Wed 11.30.11 | Archie Green

Sean Burns, Archie Green: The Making of a Working Class Hero University of Illinois Press, 2011

Fund for Labor Culture and History



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Archie Green may be best known for almost singlehandedly pressuring the government to create the American Folklife Center, but Sean Burns argues he was one of this country's foremost intellectuals on the left. Burns has written the definitive study of the labor historian and folklorist and discusses his political formation on San Francisco's docks and his contributions to our understandings of work and culture.

Wed 8.24.11| Labor Struggles at Verizon and Beyond

The biggest strike in four years came to an end on Monday, but the conflict between Verizon and its unionized workers is far from being resolved. The case epitomizes the challenges for union workers in the US, who often are employed by businesses that are majority non-union. Labor journalist and organizer Steve Early talks about how workers should and can fight back in an era where open shops are becoming the norm.

Tues 7.26.11| Academic Labor & Higher Ed in Crisis

William Deresiewicz at The Nation

William Deresiewicz, A Jane Austen Education Penguin, 2011




"A self-enriching aristocracy, a swelling and increasingly immiserated proletariat, and a shrinking middle class." In the eyes of Bill Deresiewicz, that describes not just the US economy as a whole but also the troubled landscape of higher education. Deresiewicz discusses the plight of academic labor and other trends within the academy. He also evaluates calls for the abolition of tenure and for technology-based and market-driven reforms.

Wed 4.27.11| Public Workers in Higher Education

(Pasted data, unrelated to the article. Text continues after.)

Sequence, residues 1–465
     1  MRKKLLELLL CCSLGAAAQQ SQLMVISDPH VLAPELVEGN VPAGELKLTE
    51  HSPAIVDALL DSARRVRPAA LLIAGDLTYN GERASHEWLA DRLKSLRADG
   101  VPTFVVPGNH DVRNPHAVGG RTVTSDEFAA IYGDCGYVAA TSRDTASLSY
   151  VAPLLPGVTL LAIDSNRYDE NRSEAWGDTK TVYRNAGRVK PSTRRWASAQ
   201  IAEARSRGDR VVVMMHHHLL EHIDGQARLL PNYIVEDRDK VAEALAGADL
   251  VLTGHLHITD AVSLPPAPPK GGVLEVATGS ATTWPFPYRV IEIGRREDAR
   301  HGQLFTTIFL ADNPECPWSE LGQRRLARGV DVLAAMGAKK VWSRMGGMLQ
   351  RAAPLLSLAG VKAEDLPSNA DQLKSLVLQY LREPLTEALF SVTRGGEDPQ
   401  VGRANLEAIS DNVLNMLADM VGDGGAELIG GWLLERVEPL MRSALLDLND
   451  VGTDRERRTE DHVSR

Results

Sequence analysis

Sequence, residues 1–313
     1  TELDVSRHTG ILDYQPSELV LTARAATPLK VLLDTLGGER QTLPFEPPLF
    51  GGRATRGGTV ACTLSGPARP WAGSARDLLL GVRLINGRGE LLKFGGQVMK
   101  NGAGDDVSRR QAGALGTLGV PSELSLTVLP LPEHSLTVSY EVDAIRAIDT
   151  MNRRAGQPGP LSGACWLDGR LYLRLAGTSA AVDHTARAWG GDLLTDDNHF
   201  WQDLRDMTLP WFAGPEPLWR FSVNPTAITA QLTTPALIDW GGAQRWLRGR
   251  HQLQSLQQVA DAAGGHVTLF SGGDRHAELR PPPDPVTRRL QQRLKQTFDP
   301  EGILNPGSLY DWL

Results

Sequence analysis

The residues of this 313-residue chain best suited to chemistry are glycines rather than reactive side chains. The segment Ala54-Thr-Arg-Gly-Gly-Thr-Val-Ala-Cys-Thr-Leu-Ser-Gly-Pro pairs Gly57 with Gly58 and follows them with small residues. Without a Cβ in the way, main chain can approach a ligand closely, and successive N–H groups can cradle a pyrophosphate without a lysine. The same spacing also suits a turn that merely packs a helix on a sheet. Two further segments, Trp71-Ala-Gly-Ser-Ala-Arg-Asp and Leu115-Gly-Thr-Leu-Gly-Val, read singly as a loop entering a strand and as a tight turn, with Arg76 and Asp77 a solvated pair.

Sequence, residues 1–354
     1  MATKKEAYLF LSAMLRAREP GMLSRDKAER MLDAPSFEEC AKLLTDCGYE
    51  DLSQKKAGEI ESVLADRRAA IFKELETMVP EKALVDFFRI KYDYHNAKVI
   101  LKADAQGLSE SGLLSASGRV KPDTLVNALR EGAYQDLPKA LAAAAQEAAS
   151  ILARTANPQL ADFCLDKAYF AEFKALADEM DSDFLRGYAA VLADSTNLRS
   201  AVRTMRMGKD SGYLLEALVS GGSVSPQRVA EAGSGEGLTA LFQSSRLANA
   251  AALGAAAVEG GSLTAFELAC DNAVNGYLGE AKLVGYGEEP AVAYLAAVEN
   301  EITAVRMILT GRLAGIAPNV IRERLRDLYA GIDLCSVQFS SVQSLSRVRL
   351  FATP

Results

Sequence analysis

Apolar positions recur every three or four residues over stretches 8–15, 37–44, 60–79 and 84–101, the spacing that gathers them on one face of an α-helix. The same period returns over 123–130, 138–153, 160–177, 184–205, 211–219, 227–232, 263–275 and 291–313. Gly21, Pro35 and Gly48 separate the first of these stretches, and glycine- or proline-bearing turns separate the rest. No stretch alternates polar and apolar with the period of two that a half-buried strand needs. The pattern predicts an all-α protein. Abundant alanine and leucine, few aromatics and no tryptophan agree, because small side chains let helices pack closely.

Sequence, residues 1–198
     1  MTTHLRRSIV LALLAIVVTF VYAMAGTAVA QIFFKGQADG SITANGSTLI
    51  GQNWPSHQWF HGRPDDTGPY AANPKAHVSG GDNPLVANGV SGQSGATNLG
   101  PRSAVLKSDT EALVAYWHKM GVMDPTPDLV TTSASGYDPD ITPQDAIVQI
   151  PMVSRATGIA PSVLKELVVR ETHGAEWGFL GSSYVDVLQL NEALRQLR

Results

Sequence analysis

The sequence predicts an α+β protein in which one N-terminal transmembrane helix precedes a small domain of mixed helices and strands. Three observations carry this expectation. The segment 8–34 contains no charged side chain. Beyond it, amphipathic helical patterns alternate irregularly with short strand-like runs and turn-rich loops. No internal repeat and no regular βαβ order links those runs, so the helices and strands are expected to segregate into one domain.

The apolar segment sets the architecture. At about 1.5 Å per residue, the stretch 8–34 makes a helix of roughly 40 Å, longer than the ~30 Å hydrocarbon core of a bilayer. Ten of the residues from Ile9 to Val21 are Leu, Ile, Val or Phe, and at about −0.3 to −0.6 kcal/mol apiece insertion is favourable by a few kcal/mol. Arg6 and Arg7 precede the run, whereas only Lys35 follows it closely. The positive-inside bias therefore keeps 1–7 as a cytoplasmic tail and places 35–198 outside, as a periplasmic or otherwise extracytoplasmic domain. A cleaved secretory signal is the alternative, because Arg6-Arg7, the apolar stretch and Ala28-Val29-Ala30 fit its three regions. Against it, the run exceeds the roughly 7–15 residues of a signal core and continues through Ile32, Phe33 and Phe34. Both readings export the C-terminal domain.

Academic workers -- from exploited staff to tenured faculty to poorly paid adjuncts and grad students -- are on the chopping block, as states target public education from coast to coast. Union leader and political scientist Steve London talks about how the Professional Staff Congress, which represents workers at CUNY, is fighting back against austerity meted out by Democratic Governor Andrew Cuomo. He also revisits the New York City fiscal crisis of 1975 and its parallels with today.

Mon 4.04.11| Labor Upsurge

Dan Clawson argues that organized labor's decline could be reversed, and the Left's prospects greatly enhanced, if workers and their unions actively connected with social movements pushing for economic, racial, gender, and global justice. Clawson articulates his vision for labor's resurgence, discusses recent attacks on unions and public-sector workers, and describes the last great labor upsurge.

Mon 3.14.11| Class Struggle in Wisconsin, Labor Struggles with Itself

Last Friday, Wisconsin Governor Scott Walker signed into law a bill that strips the state's public workers of most of their collective bargaining rights, following almost a month of mass demonstrations. Where did the protests come from and who sustained them--the national leadership of unions or rank and file members? Labor journalist Steve Early discusses organizing in a time of austerity. And he considers the trajectory of a generation of Sixties activists into the leadership of unions that have gone to war with each other over the last several years.

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